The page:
September 29, 2017
You know that one time in Elk River
The week of September 25, 2017, did not yield a lot in landmark case law but there was an unpublished that got reversed so that is interesting. The case is called, State v. Stigen, A16-1583. It is about prior bad acts. A lot of people think trials are like the Jerry Springer show where all your baggage come out on stage to a loud crowd chanting “Jerry, Jerry, Jerry.” If the state wanted jurors not to hate their job, trials should be more like Jerry. But they are not. They are the polar opposite. However, sometimes they can bring up back past bad acts. You know… like.. that one thing you did one time in Elk River, that your wife will never let you forget. We call that Spriegl evidence, but for the purposes of this blog, we can refer to it as Elk River evidence. Because what happens in Elk River should stay in Elk River.
Quick facts: On September 22, 2015, police discovered 1.8 grams of meth in the possession of T.N. T.N. said he bought the meth from K.F. Hopefully Kevin Federline. T.N. thought KF got the drugs from a dude named Zane, who sounds like a guy from One Direction. T.N. set up Federline and they caught Kevin driving to Zane’s house and emerged with what was found to be 13.449 grams of meth. Federline said Zane sold him the meth. Zane was charged with First Degree Sale. In prosecuting Zane the State tried to get into evidence past drugs crimes of Inzane in the Membrane.
Evidence of another crime, wrong, or act is not admissible to prove the character of a person in order to show action in conformity therewith.” Minn. R. Evid. 404(b). Such evidence, also known as Spreigl (Elk River) evidence, is generally excluded because “it might . . . suggest that the defendant has a propensity to commit the crime or that the defendant is a proper candidate for punishment for his or her past acts.” State v. Fardan, 773 N.W.2d 303, 315 (Minn. 2009).
(1) The state must give notice of its intent to admit the evidence; (2) the state must clearly indicate what the evidence will be offered to prove; (3) there must be clear and convincing evidence that the defendant participated in the prior act; (4) the evidence must be relevant and material to the state’s case; and (5) the probative value of the evidence must not be outweighed by its potential prejudice to the defendant. State v. Ness, 707 N.W.2d 676, 685 (Minn. 2006) (restating the five requirements outlined in Minn. R. Evid. 404(b)).
The three Zane crimes the State was trying to introduce were (1) a 1997 conviction for conspiracy to sell 50 grams or more of meth. (2) a 2005 conviction for attempted fifth-degree possession of meth (which I am not sure how you attempt to possess meth? Maybe it blows away and you try to catch it?) and (3) a 2010 conviction for third-degree possession of meth.
The state argued the Elk River crimes were admissible to prove Zane’s knowledge or belief that the substance that was meth. So because Zane didn’t stipulate to the knowledge that the substance was meth showing his familiarity would only be fair. However, this wasn’t Zane’s defense. Zane defense was Federline was lying and he didn’t sell him meth. So the COA said the state’s need prior-crime evidence was minimal. The State also argued that the three prior convictions were relevant and material to prove the identity of the person who sold Federline was lying. In cases where Elk River evidence has been admitted to prove identity, the Minnesota Supreme Court has been rigorous in requiring that evidence is not just evidence of a propensity to commit a general sort of crime.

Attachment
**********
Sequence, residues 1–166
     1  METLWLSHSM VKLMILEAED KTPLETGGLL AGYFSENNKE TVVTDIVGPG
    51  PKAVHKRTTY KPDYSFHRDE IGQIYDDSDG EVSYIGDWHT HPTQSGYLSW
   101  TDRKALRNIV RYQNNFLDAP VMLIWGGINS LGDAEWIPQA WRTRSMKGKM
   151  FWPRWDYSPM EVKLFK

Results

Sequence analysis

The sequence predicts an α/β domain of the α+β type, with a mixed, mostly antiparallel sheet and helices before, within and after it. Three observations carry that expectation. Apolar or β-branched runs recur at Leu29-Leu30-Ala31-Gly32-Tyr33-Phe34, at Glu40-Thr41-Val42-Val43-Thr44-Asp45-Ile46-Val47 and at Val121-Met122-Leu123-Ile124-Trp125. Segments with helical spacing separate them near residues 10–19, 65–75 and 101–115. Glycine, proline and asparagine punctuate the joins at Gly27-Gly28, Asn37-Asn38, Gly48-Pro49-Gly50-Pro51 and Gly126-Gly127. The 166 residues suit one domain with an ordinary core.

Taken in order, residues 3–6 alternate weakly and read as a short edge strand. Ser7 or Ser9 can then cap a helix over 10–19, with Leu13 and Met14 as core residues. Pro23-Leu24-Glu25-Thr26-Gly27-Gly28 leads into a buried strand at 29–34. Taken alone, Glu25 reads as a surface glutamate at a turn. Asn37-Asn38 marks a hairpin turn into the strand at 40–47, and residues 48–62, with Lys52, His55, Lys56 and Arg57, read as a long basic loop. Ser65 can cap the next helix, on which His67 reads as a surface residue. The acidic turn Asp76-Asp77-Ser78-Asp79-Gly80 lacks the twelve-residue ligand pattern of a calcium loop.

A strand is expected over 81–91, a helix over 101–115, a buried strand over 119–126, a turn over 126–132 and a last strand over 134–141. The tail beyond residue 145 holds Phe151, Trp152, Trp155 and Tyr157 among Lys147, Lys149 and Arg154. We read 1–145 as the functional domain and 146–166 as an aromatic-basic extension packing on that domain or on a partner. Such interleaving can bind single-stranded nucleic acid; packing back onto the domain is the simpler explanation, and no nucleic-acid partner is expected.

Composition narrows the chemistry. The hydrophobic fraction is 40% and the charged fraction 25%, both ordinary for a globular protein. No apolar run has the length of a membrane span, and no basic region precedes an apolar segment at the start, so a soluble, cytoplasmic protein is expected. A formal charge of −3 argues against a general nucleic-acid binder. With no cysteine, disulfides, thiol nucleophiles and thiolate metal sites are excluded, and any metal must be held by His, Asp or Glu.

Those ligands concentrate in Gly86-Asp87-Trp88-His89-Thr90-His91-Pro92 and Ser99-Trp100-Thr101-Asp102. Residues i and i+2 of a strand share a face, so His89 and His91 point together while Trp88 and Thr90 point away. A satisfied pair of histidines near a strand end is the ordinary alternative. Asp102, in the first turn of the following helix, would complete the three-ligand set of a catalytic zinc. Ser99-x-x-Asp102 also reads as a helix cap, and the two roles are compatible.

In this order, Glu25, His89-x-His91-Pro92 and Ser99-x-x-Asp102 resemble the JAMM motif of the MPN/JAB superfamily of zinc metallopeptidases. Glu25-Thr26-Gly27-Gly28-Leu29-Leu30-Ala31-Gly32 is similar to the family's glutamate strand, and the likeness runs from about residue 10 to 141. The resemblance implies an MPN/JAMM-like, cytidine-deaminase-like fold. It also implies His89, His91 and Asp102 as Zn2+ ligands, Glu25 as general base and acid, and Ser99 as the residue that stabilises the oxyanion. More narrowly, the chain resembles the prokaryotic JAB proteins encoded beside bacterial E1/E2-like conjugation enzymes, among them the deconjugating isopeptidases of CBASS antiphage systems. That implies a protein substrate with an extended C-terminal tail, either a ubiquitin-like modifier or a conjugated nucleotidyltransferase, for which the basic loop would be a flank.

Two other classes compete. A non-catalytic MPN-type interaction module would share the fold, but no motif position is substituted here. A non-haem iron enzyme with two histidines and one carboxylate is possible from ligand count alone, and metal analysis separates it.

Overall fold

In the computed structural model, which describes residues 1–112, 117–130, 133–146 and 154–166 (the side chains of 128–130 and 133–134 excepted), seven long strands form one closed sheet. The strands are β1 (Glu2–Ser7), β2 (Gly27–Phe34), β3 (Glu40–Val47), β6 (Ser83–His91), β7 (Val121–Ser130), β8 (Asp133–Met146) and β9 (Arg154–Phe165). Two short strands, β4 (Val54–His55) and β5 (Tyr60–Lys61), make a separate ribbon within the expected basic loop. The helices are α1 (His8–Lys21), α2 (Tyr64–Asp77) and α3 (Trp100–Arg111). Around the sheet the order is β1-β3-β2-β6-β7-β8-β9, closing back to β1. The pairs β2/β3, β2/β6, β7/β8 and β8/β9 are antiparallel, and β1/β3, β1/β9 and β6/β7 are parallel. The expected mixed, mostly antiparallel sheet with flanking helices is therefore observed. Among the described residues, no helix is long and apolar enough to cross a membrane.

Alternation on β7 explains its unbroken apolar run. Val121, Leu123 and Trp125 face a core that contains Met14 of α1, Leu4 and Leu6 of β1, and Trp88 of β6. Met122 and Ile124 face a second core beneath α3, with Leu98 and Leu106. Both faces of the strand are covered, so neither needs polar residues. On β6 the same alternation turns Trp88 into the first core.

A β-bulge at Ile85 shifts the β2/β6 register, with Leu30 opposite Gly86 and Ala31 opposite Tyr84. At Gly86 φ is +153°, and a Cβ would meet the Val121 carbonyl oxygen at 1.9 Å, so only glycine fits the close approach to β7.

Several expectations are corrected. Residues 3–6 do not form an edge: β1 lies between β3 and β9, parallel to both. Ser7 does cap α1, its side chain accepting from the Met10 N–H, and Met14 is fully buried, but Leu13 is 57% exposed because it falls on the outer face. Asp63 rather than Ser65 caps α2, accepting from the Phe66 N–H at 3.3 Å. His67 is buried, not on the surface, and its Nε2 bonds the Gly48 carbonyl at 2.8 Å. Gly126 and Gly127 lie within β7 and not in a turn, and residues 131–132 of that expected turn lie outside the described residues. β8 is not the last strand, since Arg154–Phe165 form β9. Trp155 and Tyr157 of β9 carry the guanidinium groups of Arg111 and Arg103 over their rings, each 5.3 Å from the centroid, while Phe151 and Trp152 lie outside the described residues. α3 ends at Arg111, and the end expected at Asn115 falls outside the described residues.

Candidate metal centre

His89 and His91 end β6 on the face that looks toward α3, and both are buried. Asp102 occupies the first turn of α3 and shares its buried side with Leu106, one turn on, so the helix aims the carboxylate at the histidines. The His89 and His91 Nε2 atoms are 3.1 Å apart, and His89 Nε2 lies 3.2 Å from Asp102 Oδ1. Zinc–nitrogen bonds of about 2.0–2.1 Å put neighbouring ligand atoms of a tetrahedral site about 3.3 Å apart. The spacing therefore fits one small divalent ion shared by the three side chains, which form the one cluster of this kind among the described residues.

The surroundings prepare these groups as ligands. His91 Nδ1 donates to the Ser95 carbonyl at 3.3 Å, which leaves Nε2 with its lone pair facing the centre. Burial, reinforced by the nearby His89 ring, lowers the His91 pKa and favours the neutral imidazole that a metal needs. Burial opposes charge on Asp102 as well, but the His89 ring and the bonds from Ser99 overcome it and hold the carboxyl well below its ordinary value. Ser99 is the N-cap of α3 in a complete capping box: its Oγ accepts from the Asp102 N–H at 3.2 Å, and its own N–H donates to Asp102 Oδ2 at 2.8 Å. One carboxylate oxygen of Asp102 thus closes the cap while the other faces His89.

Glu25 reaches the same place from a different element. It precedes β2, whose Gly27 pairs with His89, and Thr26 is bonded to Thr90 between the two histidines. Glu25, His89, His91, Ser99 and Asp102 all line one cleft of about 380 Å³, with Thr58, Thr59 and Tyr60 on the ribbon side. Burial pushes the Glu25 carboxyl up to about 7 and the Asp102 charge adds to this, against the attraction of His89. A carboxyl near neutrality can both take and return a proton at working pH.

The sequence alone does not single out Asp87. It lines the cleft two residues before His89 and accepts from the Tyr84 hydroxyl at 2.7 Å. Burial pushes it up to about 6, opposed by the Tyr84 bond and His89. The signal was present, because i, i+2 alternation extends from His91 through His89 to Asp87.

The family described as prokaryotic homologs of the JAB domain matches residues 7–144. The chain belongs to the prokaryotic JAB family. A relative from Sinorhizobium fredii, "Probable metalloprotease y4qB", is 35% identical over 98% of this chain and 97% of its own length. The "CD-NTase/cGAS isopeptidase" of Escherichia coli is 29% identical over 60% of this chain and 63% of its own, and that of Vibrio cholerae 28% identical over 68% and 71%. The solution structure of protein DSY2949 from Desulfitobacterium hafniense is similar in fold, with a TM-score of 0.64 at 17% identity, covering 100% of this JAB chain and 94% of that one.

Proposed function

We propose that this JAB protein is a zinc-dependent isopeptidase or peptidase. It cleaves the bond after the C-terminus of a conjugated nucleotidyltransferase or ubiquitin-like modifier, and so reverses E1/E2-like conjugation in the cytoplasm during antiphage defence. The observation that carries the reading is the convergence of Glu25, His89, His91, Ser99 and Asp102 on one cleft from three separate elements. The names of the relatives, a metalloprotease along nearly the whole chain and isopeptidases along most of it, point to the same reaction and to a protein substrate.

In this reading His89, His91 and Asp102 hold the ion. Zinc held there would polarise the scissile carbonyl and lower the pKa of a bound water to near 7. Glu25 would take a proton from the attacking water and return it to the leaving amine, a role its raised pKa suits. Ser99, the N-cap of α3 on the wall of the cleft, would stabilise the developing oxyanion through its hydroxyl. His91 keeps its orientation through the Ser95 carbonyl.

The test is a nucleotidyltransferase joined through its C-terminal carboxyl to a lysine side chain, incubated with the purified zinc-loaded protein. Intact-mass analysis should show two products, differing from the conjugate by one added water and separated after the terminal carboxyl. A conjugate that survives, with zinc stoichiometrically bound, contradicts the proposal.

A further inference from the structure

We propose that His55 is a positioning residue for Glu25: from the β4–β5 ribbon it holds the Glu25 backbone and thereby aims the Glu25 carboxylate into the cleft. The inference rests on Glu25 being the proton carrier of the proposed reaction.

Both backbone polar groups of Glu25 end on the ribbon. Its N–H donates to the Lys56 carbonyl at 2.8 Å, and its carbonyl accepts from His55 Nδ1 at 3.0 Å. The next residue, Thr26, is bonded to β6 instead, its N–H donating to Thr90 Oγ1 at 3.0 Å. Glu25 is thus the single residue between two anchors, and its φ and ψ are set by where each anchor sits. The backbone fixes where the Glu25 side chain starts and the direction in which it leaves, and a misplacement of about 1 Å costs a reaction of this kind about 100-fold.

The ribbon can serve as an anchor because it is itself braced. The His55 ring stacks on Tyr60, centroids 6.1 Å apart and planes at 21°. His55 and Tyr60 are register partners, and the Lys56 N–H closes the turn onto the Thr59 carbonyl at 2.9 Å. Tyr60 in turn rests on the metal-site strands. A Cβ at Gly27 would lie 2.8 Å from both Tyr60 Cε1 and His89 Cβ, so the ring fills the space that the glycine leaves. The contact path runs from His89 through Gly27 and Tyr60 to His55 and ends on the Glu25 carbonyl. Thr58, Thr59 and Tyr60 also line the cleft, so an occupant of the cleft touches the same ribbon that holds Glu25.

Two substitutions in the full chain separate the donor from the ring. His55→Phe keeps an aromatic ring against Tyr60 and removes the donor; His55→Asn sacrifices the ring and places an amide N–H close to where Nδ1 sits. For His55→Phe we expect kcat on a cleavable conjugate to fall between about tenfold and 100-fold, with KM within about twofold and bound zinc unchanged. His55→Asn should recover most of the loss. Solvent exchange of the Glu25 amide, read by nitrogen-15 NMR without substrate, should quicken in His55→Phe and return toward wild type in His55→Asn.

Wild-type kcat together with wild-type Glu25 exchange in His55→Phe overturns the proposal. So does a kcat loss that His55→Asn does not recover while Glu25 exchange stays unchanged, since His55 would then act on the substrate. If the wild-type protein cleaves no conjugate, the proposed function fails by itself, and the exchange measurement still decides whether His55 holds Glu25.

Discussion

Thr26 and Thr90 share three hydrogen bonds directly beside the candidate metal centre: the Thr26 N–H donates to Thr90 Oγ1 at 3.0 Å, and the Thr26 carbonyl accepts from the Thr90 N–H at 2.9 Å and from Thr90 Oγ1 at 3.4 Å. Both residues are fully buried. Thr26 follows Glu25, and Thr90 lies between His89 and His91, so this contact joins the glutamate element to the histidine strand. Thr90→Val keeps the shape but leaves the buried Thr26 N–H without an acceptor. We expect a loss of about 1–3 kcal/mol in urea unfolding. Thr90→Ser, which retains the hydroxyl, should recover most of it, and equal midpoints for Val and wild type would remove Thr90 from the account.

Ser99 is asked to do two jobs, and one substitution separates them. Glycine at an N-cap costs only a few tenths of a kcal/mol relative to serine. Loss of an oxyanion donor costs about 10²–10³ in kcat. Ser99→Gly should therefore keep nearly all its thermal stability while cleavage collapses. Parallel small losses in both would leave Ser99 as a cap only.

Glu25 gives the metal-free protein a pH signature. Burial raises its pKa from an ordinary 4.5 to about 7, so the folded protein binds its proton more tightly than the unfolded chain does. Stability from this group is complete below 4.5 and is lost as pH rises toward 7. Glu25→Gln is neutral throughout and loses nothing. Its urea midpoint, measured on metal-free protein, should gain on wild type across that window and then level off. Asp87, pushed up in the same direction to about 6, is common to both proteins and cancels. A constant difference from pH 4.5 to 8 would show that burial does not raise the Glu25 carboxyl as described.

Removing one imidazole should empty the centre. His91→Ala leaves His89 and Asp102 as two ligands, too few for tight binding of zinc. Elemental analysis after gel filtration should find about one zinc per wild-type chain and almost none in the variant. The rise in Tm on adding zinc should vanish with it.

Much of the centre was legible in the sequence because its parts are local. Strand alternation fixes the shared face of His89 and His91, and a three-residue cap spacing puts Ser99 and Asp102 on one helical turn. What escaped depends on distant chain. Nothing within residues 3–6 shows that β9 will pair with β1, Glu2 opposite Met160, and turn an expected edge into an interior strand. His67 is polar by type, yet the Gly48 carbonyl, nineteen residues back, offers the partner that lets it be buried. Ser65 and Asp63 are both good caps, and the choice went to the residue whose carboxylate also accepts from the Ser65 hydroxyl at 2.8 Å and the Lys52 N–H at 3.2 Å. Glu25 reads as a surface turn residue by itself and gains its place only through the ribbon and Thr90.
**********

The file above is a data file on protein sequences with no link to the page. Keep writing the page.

These crimes have one similarity, meth, but they are not substantially similar so as to properly identify Zane as the person who sold drugs to Federline on September 21 and 22nd. State v. Cogshell, 538 N.W.2d 124 (Minn. 1995). (requiring the prior-crime evidence be “sufficiently or substantially” to the charged offense, considering “matters such as time, place and modus operandi in determining similarity”). Two of these past convictions did not involve any sale at all. Instead, they invited the jury to conclude that Zane was a known drug user and had previously conspired manufacture meth. The Elk River/past crimes did not identify Zane as the seller of the meth in any meaningful way. You could argue, and Zane did, that they are markedly dissimilar to the charged crime. The Ness case said that “close-calls” should be excluded. Ness, 707 N.W.2d at 685. So the COA errored by admitting the evidence. The analysis was not done because the COA still had to determine that the evidence prejudiced Zane.
The State argued during their closing argument that the identity of the supplier was “the man with three prior meth-related convictions.” This argument paints Zane as a serial meth user. The only evidence the State had of Zane’s identity was from Federline. No meth was found on Zane or his home after a search warrant was issued. But both TN and Federline had meth and the defense was to attack Federline’s credibility by citing his plea agreement and his ties to the drug community. It is certainly possible the jury was skeptical of Federline’s credibility until they heard about Zane’s past. Therefore, Zane’s conviction should be reversed.
So if your wife keeps bringing up that one time in Elk River….tell her Zane’s story and that past conduct doesn’t survive a simple 404(b) analysis. What happens in Elk River stays in Elk River.